Political Reports

What is Behind Resuming Relations with Iran?

Agencies – Sudan Events

The announcement by Sudanese and Iranian officials that they are working to accelerate the steps to reopen the two embassies between the two sides has raised several Sudanese questions regarding the implications of pushing towards that path in the midst of a war that has been raging in the country for 9 months between the army and the Rapid Support Forces, which has claimed the lives of thousands and displaced millions, according to international assessments.
On Saturday, Sudanese Acting Foreign Minister Ali Al-Sadiq met in Uganda with the Iranian First Vice President, Mohamed Mokhber, on the sidelines of their participation in the “Non-Aligned Countries Summit” hosted by Kampala. A Sudanese statement about the meeting stated that the officials “discussed restoring bilateral relations between the two countries and accelerating steps to reopen embassies between them.”
Sudan severed its relationship with Iran in 2016, but last October its foreign ministry announced the resumption of diplomatic relations, but no additional steps have been taken since then. The Sudanese-Iranian announcement about accelerating efforts to resume bilateral relations raised different assessments about the target, especially in light of the continued complexity of the political solution in the country, and the sharp growth in polarization and the arming and mobilization of civilians in the context of the reverse battles between the two sides of the war.
A former senior official in the Sudanese “Islamic Movement” spoke to Asharq Al-Awsat on condition that not to disclosed, and he believed that “the Islamists (Sudan Brotherhood) are working to exploit the relationship with Iran with the aim of obtaining the army’s support with weapons.” He explained that “the army needs to be armed, in light of the support i
The (Rapid Support) is receiving.”
The source added, “Iran was fully prepared to restore relations with Sudan after the fall of President Omar Al-Bashir’s regime, but the transitional civil government headed by the Chairman of the Sovereign Council, Abdul Fattah Al-Burhan, and Prime Minister Abdallah Hamdouk, did not have the desire to do so.” He added, “Al-Burhan was conservative to the point of categorically rejecting any step toward restoring relations between the two countries, because he began to build relations with Israel.”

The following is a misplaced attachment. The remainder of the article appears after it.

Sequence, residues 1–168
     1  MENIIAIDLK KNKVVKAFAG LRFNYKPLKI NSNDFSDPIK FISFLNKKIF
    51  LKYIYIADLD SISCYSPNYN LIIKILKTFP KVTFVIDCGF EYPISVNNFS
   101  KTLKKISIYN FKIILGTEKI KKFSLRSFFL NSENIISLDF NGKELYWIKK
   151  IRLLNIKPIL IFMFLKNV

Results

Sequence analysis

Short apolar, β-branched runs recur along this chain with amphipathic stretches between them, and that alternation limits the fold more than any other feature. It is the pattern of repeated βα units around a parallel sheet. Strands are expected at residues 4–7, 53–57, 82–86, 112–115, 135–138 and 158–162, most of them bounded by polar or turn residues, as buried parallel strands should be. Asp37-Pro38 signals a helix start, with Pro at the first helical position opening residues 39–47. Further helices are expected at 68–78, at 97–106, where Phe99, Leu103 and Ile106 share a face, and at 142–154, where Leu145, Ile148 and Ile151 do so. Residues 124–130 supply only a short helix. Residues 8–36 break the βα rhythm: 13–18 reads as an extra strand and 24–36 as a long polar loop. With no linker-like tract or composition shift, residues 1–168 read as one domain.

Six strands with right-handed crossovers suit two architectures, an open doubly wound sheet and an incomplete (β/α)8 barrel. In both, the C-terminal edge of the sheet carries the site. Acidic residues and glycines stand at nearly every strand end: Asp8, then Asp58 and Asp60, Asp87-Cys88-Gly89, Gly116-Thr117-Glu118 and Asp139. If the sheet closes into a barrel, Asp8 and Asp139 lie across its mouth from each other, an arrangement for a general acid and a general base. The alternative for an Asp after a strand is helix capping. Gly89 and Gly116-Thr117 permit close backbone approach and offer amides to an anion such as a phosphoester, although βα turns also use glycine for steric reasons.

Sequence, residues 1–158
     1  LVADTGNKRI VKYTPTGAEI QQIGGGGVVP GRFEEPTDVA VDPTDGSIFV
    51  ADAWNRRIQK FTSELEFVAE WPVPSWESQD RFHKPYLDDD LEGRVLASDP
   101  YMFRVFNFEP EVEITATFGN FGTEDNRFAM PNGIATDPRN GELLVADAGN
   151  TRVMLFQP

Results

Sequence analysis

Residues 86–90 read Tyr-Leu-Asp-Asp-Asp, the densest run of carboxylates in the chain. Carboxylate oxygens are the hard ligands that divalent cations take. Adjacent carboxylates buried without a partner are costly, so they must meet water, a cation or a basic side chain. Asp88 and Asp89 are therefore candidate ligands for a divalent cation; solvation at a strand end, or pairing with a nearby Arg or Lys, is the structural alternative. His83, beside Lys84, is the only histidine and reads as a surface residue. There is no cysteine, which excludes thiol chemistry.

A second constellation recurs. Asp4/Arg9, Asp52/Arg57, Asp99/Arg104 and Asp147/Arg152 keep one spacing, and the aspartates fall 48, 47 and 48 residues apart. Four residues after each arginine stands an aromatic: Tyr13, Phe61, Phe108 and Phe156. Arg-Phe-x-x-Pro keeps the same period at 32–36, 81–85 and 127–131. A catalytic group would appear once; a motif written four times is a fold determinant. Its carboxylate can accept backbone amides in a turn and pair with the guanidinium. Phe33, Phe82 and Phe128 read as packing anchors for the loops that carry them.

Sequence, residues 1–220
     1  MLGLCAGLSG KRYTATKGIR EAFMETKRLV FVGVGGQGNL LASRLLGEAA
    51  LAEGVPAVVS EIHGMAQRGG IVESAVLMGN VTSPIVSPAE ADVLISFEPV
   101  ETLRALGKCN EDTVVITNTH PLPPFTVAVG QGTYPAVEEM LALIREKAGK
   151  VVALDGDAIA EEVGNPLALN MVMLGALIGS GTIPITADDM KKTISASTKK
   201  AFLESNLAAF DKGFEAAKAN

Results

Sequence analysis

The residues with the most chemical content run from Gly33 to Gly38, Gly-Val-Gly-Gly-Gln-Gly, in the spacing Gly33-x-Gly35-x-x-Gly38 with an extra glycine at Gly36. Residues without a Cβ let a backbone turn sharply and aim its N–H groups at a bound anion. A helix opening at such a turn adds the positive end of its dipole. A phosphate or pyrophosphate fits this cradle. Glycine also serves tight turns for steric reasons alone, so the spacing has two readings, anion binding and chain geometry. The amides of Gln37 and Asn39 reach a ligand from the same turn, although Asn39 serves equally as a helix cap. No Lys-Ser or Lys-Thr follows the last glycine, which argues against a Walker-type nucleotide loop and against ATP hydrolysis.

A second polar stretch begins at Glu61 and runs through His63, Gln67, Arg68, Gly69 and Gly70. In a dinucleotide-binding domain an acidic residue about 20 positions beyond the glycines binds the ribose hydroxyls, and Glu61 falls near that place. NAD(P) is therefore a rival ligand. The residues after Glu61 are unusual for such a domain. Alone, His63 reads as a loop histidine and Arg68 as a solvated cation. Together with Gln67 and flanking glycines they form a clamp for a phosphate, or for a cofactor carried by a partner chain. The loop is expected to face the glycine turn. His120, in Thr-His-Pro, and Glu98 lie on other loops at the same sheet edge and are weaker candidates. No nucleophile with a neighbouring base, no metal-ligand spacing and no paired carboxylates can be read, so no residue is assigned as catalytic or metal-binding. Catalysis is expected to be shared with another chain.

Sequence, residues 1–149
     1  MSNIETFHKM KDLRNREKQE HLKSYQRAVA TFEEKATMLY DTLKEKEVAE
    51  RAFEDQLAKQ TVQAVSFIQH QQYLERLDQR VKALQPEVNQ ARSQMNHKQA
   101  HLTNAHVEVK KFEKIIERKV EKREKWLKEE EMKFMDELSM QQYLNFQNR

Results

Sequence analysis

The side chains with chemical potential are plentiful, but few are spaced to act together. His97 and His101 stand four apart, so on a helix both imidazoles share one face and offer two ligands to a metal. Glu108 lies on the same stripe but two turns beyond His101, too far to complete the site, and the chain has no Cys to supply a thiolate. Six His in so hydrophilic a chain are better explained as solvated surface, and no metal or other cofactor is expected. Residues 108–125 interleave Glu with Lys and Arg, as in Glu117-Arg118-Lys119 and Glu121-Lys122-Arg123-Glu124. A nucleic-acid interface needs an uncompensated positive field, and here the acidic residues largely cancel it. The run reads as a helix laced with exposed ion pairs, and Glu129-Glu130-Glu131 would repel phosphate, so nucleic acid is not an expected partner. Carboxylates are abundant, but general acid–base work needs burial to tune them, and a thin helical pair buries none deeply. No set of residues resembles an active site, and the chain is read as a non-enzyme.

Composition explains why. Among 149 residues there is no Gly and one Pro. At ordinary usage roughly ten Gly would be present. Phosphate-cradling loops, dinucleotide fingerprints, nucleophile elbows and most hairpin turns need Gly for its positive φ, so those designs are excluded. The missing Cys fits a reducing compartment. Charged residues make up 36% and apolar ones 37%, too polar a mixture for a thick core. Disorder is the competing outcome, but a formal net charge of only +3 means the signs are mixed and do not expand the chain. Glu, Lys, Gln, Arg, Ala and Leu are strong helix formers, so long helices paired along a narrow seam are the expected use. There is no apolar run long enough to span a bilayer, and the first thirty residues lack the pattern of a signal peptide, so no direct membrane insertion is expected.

In turn, political analyst, Abu Dhar Ali Al-Amin, says, “The President of the Sovereign Council, Abdul Fattah Al-Burhan, is facing pressure from countries such as: the United States of America and Britain in favor of the (Forces of Freedom and Change) and (Rapid Support),” adding that “this trend ( Towards Iran) has two goals: The first: (creating a balance through Iran, China, and Russia), and Iran constitutes an important and influential key in this direction. The second is military support through weapons and ammunition.

Al-Amin believes that “Sudan is trying to address the issue that delving into it requires effort, time, and convincing reasons for the Iranian because the severing of relations with it was (sudden and shocking) to Tehran.”
Sudan attributed its severing of relations with Iran in 2016 to “its interventions in the region on sectarian grounds, and its attack (at that time) on the Saudi embassy in Tehran.”
Abu Dhar agrees with the opinion of the “Islamic” leader, that “weapons are a direct motive for restoring relations with Iran,” noting that “international changes” regarding dealing and resuming regional relations with Iran may have “formed an incentive for the Sudanese army commander to continue the search in a similar direction.” But to get military support.
Abu Dhar does not rule out that “Iran will provide the Sudanese army with drones to continue its battles against the Rapid Support.”

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